Photography & Print

Print Matters

A Giclee fine art print on Photo Rag

For me, a photograph is a memory and as the photographer, we are the curators of memories, both of our own, and that of our clients. In the digital world that we live in, having a tactile print, whether in an album, on a print or in the form of wall art will always be a more direct, more impactful and more emotive way of recalling those memories.” – Kevin Mullins

Never have truer words been spoken when it comes to your printed images!

Old wedding albums, framed family photographs and rusty tins full of loose prints – that is how we remember viewing photographs with our friends and family.  Liam Shaw of York Place Studios wrote:

“Photographs take a new life when they’re printed; they pop in a way that just isn’t possible in any other media and there’s something much more magical about seeing something tangible in front of you, something that feels somehow more final and timeless.”

There is a science behind this theory as well. A study by Bangor University using fMRI brain scans to compare digital and paper have shown that physical material is more “real” to the brain.  It has a meaning, and a place. It is better connected to memory because it involves more emotional processing.

Prints tell stories. Looking at photographs in their physical form allows you to slow down and enjoy the memories associated with them on their own and without the distractions of notifications and adverts popping up while you view them.

With so many digital storage options at your client’s fingertips, it is important to remember one thing – technology comes and goes. Would you have the same nostalgic feeling if all you had to view your parents wedding images on a floppy disk? Would you even be able to use it?

As technology evolves, chances are that the method of storing images, like USB storage keys, are going to go the way of the floppy disc within the next decade. When was the last time you saw a computer with a working floppy disk drive? Will home computers still have USB drives in ten years?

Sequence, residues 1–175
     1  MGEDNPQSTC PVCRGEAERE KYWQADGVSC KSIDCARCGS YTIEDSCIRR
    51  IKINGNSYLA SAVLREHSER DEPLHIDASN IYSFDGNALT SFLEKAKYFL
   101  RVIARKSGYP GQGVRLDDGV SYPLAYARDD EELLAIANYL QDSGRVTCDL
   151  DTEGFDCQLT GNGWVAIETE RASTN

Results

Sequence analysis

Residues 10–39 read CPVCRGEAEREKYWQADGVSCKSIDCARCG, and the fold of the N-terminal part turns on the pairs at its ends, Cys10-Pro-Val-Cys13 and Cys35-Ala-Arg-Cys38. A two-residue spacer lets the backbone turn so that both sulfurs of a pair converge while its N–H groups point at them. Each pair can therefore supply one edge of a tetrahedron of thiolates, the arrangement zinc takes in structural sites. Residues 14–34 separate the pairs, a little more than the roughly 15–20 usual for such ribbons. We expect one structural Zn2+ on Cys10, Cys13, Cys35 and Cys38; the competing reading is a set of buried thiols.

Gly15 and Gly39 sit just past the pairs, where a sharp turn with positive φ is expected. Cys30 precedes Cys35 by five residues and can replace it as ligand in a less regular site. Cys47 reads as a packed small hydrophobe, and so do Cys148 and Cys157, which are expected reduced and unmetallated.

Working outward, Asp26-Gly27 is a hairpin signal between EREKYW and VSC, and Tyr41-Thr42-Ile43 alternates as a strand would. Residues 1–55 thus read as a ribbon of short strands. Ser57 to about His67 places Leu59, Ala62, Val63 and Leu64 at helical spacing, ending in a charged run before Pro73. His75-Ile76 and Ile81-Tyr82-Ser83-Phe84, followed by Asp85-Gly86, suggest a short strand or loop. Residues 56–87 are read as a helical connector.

The advantages of offering prints to your customers splits into two distinct categories. What works for them and what works for you.

We recently spoke to photographer/trainer/blogger/marketeer/guru Nina Mace about why she feels incorporating print and wall art packages into your business is a win-win.

“It is so important to include prints even with your digital packages so your clients can see their images at their best, as they are meant to be based on your original vision. It also removes the risk of them printing on a low quality instant printer which can change white balance and exposure.

A set of prints in a display box or a large, framed image on the wall tells your clients’ unique story — it will remind them of the moments captured in that photo every day.”

A huge plus for the you, the photographer, is that clients will put the prints you supply straight onto their walls or on their coffee tables so they, and their friends and family can enjoy them.  Referral is the greatest form of free marketing and having your work on your client’s walls means you are reaching a wider audience. Not only that but your client will be seeing your work on a daily basis making them much more likely to return to you themselves for future sessions.

Finally, impact! Handing client’s real prints gives additional value to your work – it makes photography as a service more tangible. Its lovely for the client but also for you as a photographer to see your images realised. Creating beautiful art and imagery was probably the reason you became a photographer in the first place and your stunning portrait work displayed in beautiful mats or frames show off your skill and professionalism better than any digital file could ever do.

“There is nothing better than seeing an image you have worked so hard to create printed to perfection and displayed on the wall. The print for me is the final piece of the story, in the long process of creating an image from conception to final output. How it is printed and on what surface is what makes the image come alive. The print is so important to me, it is how my images will be viewed for years to come.”Lisa Visser